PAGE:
Grigory Pasko has brought to my attention to a recent issue of VESTNIK ATOMPROMa, a Russian “magazine about the nuclear industry”, which has been published by an enigmatically named Federal state unitary enterprise «Firm of commercial advertisement and scientific-technical propaganda» only since April 2007. Clearly, the real organization behind the magazine is the historically extremely secretive Rosatom – Russia’s Federal Agency for Atomic Energy, formerly known as Minatom. The cover of issue No.5, dated September 2007 (available online on Rosatom’s website), sports a full-page photo of Rosatom head Sergei Kiriyenko having an intense discussion with his boss, Vladimir Putin, against a backdrop of the Russian and Australian flags. The cover story, entitled “The Australian Success of Russia”, naturally has nothing but praise for the controversial Australia-Russia Nuclear Cooperation Agreement, which we’ve been discussing here on the blog for several months already. The article actually shows several photos of the environmental devastation caused to Aboriginal lands by the giant open-pit operation at Rio Tinto’s Ranger site in the Northern Territory, but you’d never guess from this breezy text, a single paragraph of which simultaneously manages to suggest that the dirt-poor Aboriginals are wealthy and to belittle their religious beliefs as mere childish superstition standing in the way of human progress:
PECULIARITIES OF NATIONAL EXTRACTIONThe Ranger field is located in the very center of the national park Kakadu, on land traditionally belonging to the wealthiest family of aborigines in the district. Inasmuch as research conducted by specialists of ERA with the aim of the possible expansion of production point to a deeper stratification of the continuation of the ore body, the company is pondering underground mining. However, the problem is that digging will have to be done in the direction of the cliff Brookman, which is an object of worship of the aborigines. And in order to implement their plans, Energy Resources of Australia, and, who knows, perhaps their Russian partners too, will first have to convince the native population that the underground spirits of the sacred cliff will not be disturbed. (p. 14)
All of which makes it doubly important that people speak out before it’s too late. The Russian government clearly understands that it’s trying to pull a fast one on the Australian public and on the world. As if any further proof of this were needed, the largely positive article actually goes out of its way to sling (radioactive) mud at me and Grigory Pasko personally for having been “lone voices in the wilderness” crying out against the uranium deal:
An election campaign even on the seemingly happy “green continent” can’t manage to avoid black PR. Thus, on the eve of the first visit in the history of bilateral relations of a head of the Russian state, which the government of John Howard served up as its political achievement, publications appeared in the local press that have nothing in common with journalism. Inasmuch as the central bilateral document became precisely the agreement on cooperation in the area of the peaceful atom, it was here that the attack of the opponents of the prime minister who is running [for re-election] came: some lawyer for a convicted Russian oligarch, Mr. Amsterdam, and a journalist who recently came out of a [prison] colony, Pasko, each in his own way “warned” Canberra in front-page articles of newspapers about the dangers of cooperating with Moscow. “How can you possibly sell uranium to Russia if there’s no freedom of speech there, while a jail is found right next to the Priargunsky amalgamation. If you’re going to work with the Russians, then have in mind: just one little thing, and they’re going to shut off your gas!” Why, if this is all the arguments of the opponents of cooperation between the two countries, then this is simply marvellous.Pitiful last-minute attempts to throw in the subject of the transfer of the Australian material to “unreliable” countries collapsed right after the proclamation of the document. “Nuclear material, equipment, components and technology shall only be used for peaceful purposes and shall not be used for the manufacture of nuclear weapons”, is said in the agreement. In it is likewise noted that “nuclear material shall not be transferred beyond the territory of the receiving Party without the prior written consent of the supplier Party”. In other words, uranium from Australia may be transferred to another to another country only upon agreement with Australia itself, whoever may be heading its government.” (p. 13)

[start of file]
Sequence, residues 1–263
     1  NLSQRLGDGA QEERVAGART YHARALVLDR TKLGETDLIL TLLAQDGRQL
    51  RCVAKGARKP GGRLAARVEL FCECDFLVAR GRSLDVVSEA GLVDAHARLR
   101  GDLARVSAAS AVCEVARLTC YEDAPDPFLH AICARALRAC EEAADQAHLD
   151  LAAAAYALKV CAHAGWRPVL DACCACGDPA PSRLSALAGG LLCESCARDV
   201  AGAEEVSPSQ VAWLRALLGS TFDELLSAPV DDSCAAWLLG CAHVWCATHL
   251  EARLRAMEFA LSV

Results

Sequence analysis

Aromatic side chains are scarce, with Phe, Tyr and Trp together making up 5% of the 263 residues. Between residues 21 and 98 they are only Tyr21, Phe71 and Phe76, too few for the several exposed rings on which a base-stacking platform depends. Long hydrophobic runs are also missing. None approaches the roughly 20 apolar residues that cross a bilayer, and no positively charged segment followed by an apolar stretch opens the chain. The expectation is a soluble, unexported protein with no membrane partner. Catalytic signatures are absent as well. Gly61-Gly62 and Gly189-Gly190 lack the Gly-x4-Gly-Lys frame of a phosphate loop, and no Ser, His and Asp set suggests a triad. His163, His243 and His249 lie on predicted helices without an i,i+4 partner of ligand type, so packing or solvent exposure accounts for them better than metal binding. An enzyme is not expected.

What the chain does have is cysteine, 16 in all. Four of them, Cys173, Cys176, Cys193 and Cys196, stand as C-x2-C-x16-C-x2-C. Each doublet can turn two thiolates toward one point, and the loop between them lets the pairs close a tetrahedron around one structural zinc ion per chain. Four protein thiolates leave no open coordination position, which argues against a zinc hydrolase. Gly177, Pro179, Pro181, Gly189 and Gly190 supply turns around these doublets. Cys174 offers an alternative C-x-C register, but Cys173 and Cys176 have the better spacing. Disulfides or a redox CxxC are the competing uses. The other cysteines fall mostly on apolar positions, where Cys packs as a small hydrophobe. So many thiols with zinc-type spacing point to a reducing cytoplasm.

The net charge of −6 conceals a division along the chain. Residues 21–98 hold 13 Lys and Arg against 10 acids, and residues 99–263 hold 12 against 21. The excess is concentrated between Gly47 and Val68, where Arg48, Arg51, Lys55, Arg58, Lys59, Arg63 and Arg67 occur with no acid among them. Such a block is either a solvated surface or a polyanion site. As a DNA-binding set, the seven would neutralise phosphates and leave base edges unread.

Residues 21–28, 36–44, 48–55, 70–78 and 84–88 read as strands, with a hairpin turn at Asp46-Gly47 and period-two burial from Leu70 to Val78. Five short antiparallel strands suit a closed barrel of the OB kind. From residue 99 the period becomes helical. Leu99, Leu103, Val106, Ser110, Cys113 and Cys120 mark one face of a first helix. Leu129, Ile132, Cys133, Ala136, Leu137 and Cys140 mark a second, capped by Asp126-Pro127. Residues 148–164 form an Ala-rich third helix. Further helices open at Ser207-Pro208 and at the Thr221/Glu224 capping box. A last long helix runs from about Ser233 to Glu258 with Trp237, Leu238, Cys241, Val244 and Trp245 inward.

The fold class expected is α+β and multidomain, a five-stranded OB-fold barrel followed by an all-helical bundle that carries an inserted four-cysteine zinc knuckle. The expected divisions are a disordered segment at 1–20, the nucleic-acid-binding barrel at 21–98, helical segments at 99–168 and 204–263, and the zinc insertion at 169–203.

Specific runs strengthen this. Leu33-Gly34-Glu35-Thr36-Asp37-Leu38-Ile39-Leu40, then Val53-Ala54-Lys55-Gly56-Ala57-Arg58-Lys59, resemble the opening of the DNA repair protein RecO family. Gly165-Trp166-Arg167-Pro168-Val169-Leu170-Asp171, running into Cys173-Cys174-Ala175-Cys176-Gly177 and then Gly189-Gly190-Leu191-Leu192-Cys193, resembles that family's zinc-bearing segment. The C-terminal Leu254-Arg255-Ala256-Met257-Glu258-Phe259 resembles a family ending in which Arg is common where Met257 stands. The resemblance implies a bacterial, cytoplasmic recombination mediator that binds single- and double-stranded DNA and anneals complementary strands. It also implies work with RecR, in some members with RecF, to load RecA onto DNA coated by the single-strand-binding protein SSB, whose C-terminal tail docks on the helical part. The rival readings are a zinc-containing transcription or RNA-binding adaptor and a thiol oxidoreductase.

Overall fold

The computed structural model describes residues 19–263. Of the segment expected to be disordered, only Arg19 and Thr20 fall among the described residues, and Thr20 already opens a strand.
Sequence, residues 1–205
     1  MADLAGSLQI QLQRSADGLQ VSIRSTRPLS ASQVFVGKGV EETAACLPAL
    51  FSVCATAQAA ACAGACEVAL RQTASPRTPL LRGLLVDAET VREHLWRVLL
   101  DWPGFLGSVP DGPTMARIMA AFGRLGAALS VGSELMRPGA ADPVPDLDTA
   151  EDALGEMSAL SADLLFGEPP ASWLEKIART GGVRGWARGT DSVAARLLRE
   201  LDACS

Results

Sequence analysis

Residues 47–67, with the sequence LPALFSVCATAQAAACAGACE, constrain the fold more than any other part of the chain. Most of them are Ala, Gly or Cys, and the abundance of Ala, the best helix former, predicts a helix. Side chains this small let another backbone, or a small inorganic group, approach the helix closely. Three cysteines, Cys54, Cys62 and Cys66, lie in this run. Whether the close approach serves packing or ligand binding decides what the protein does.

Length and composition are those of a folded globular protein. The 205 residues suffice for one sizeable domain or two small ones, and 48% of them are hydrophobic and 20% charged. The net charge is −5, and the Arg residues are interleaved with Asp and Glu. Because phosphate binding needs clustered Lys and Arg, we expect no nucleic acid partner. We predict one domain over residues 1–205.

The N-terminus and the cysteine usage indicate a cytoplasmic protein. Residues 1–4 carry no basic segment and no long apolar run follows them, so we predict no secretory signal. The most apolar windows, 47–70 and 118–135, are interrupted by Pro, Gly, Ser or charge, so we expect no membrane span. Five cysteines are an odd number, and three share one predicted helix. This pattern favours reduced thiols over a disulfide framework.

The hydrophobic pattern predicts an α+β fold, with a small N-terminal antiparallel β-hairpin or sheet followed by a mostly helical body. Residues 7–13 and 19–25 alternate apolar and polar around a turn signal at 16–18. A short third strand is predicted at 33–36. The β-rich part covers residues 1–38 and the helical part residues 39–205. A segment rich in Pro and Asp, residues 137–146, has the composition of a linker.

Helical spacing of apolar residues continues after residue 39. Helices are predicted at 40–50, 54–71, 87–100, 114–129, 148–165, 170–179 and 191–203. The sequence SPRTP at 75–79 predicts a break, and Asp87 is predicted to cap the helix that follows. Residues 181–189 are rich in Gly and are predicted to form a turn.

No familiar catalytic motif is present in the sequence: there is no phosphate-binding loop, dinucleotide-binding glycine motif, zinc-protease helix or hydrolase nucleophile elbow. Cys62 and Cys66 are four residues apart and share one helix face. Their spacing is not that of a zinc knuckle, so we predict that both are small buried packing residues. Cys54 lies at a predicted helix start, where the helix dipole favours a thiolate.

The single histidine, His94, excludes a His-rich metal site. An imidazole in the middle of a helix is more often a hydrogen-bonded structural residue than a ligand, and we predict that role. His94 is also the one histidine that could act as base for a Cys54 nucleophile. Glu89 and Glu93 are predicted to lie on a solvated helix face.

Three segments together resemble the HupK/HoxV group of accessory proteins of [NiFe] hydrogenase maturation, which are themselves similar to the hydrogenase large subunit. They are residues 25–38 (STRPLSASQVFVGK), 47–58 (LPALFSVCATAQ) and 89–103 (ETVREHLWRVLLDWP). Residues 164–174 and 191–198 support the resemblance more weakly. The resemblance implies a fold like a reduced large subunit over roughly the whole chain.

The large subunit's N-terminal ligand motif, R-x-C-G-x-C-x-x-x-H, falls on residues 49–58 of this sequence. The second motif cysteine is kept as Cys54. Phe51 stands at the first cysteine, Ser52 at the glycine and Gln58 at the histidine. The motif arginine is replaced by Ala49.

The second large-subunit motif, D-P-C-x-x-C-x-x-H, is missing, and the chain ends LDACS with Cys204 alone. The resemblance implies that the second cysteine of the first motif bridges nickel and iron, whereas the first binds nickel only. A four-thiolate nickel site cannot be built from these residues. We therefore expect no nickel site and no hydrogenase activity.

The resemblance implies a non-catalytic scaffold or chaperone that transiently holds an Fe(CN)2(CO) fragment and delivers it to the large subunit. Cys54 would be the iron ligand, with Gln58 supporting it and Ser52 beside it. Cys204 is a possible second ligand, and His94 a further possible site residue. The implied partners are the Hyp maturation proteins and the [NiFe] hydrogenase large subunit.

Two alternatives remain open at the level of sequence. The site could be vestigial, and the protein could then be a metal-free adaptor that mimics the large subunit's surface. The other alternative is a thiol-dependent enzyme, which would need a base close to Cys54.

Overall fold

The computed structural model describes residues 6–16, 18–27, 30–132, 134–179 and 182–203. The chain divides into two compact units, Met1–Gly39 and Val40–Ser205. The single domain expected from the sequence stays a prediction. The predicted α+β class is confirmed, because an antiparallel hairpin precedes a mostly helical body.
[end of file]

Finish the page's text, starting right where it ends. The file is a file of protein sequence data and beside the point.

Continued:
Where do I start? I don’t know how the Russians flew in, but on my flight to Sydney, which took me right across all of Australia, I didn’t see much green at all. And I don’t quite see how a Russian leader’s decision to finally acknowledge the existence of Australia by visiting it for the first time, simply because it’s got uranium Russia now wants, can be interpreted as a great political achievement for PM John Howard. Note how the article attempts to deflect attention away from the real issue – the uranium – to the upcoming election in Australia, absurdly suggesting that Grigory and I are speaking out only because we want to topple the Australian government. I wonder if the many leading Australian newspapers that chose to cite us in their articles about the uranium deal (and believe me, we weren’t splattered across all the front pages, as flattering as this may sound!) know that such an august publication as VESTNIK ATOMPROMa (founded 2007) thinks these fine publications “have nothing in common with journalism”? (comments can be emailed to vestnikATOMPROMa@yandex.ru)I am not personally offended by the disparaging way this article describes Grigory and me – as “some lawyer” representing “a” Russian oligarch they’re afraid to name and a “recently” released common criminal who doesn’t even deserve a “Mr.” before his name. No, I think this choice of words is a valuable illustration of just what kind of people it is we’re dealing with here. It goes without saying that the quotation attributed to us is a grotesque distortion. Both Grigory and I know our geography, and wouldn’t be so naïve as to suggest that Russia can shut off the gas to Australia when it hasn’t even managed to extend its pipelines as far as its own Pacific coast yet, let alone to Australia. And neither Grigory nor I ever mentioned the “Priargunsky amalgamation” by name in the Australian press. For the record, that’s the uranium mine not far from the Krasnokamensk prison colony where Mikhail Khodorkovsky was incarcerated until late last year.The whole paragraph about how the mere text of the Australia-Russia Nuclear Cooperation Agreement is all the proof you need to “collapse” any arguments that Australian uranium may find its way to third countries collapses for a number of reasons. First of all, it doesn’t even cite the text of the Agreement accurately! Second, you’re not getting the whole story: “nuclear material shall not be transferred beyond the territory of the receiving Party without the prior written consent of the supplier Party” isn’t the complete sentence – the Agreement continues “except in accordance with paragraph 5 of this Article.” Paragraph 5 happens to stipulate the (admittedly limited) conditions under which Russia can transfer Australian uranium to third countries without prior written approval – including for subsequent enrichment.And finally, I’m afraid I don’t have enough bandwidth here to go through the whole list of international agreements solemnly signed and then insolently ignored by Russia. I’ll just mention one example – The European Convention for the Protection of Human Rights and Fundamental Freedoms, which has been flouted at every turn in the conviction of “a” completely innocent Russian oligarch represented by “some” lawyer and an equally innocent journalist without a first name “who recently came out of a [prison] colony”.